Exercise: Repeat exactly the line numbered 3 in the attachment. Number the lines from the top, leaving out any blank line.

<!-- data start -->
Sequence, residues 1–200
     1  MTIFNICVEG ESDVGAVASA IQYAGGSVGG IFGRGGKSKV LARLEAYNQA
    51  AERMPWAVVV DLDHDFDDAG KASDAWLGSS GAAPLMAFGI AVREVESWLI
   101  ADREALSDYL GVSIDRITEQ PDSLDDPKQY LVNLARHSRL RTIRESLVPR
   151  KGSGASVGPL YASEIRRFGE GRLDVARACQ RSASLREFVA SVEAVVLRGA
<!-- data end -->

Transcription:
    51  AERMPWAVVV DLDHDFDDAG KASDAWLGSS GAAPLMAFGI AVREVESWLI